tactics limiting cruise ship seasickness

Tactics and Remedies for Limiting Cruise Ship Seasickness, Part 2

November 12, 2019

In part one of this two-part blog series, we went over some of the tactics you can take to prevent seasickness if it’s a concern for you on a cruise trip. Seasickness is caused by the body’s inner ear feeling motion that doesn’t jibe with what the eyes are seeing – it impacts some people severely, some in minor ways, and others not at all.

At Cruise Lady, we offer a wide range of cruises and land tours for members of the Church of Jesus Christ of Latter-Day Saints, from a Panama cruise to an Egyptian land tour and numerous destinations in between. If you’re concerned about seasickness for you or anyone else in your party, we’re happy to provide expertise and solutions wherever we can. In today’s part two, we’ll dig into some items you should bring along to ward off motion sickness plus some other tactics to consider.

Items to Pack

There are several items, both medications and otherwise, that can help ward off seasickness. Some of the best include:

  • Medications: For those who regularly suffer from seasickness, there are several over-the-counter medications that help reduce or eliminate the symptoms. In severe cases, you can even go to a doctor and get a stronger prescription for repeated motion sickness issues. If you happen to forget a normal medication for seasickness, speak to guest relations on your cruise to see if they carry and tablets or other medications – many do.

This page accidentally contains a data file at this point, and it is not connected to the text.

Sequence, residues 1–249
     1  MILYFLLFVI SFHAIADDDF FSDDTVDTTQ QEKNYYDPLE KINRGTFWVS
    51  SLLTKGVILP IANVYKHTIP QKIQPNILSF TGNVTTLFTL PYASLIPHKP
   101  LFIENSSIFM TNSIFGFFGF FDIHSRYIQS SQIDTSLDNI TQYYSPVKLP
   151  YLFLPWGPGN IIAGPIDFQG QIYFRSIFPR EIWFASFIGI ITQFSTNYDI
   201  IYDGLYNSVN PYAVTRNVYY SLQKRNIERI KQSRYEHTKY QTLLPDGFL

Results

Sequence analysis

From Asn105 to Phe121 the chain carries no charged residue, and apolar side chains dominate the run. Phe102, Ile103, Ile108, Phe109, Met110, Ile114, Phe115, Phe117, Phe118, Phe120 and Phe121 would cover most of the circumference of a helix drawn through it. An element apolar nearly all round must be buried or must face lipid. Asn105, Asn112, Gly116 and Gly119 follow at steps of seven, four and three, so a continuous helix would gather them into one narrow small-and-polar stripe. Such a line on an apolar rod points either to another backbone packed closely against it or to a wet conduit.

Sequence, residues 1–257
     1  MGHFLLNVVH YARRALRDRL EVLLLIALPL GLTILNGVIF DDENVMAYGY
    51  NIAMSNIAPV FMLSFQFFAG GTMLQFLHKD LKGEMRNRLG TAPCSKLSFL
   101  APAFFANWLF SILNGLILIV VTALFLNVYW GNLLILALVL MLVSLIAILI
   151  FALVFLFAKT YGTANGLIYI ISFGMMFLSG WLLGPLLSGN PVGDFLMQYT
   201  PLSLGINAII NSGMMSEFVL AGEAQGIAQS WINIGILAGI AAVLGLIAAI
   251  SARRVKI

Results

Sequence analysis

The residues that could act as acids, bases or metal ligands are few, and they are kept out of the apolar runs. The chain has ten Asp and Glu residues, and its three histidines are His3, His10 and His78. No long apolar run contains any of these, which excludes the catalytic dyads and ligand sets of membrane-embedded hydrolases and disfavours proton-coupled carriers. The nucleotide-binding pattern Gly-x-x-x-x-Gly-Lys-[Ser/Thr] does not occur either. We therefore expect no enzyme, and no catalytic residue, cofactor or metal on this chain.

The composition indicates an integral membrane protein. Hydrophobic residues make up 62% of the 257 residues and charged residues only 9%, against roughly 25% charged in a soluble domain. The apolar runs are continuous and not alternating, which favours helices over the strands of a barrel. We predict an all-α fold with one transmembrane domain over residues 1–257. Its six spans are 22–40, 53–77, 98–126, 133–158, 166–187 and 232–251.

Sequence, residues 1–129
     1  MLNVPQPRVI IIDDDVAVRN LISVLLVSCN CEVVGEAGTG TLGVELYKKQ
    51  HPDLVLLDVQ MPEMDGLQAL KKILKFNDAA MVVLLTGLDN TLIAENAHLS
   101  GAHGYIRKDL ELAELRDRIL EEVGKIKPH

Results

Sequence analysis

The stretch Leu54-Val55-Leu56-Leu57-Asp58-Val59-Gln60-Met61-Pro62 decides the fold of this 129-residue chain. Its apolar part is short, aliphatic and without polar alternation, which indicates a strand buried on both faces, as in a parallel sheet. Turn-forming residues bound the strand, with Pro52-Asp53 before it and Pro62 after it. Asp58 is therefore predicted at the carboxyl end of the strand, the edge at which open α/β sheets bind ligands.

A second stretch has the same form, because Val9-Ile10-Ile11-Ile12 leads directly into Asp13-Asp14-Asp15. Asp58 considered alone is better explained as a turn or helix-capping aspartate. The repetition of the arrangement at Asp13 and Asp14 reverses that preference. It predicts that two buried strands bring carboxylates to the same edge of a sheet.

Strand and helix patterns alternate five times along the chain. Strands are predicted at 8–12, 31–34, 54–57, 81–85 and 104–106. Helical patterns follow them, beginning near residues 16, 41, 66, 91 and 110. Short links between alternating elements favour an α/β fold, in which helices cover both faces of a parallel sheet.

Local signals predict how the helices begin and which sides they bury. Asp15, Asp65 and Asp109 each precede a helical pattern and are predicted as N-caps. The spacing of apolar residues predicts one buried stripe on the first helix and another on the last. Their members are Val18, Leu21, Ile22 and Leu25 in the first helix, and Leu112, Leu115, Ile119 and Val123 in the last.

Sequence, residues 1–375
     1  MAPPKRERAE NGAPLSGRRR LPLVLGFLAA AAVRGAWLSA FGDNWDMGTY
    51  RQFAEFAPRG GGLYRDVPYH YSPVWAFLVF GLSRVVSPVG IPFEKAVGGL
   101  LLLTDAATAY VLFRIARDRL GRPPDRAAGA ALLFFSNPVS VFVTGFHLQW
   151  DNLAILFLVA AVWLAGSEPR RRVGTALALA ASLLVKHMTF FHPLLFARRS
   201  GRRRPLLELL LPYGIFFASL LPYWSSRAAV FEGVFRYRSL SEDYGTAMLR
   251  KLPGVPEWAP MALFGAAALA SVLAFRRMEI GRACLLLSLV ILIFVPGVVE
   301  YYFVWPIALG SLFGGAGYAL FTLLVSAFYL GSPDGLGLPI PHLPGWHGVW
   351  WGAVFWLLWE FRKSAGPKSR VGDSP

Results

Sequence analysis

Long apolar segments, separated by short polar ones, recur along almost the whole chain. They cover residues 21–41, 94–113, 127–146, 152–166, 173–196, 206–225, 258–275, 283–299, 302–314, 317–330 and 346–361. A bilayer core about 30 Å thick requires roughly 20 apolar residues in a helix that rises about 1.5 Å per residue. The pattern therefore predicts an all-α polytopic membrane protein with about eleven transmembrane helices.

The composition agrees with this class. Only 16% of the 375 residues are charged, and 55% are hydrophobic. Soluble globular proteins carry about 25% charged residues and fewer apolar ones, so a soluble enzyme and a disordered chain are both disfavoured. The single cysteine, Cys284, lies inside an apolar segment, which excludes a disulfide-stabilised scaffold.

• Natural items: Others do just fine with natural remedies, the most common of which is ginger. It’s available in both pill or smell form, and works for many people when warding off motion sickness. If you don’t like or have ginger, try peppermint candy or peppermint oil for a similar effect.
  • Acupuncture or acupressure: Most have heard of acupuncture, which uses small needles to hit trigger points and relieve several areas of tension. Those on cruise ships often don’t have access to this service, however, so acupressure is a good alternative – it involves pressure bands around your wrist or another pressure point on your arm to help keep nausea down.

Fresh Air

While we fully understand that seasickness feels horrible and you may not want to move from your bed, it’s important to try and get some fresh air where possible – particularly when the ship is on a stationary route and not moving very much. Our ships offer several above-deck areas where you can get some air and clear your head without worsening any seasickness.


Finally, those concerned about seasickness should pay close attention to their hydration. Dehydration is known to exacerbate seasickness symptoms, so you should always carry a water bottle. Another related tip here involves keeping your stomach full with meals and snacks throughout the day, which can limit nausea.

For more on avoiding seasickness risks while on a cruise, or to learn about any of our vacation packages for church members, speak to the staff at Cruise Lady today.

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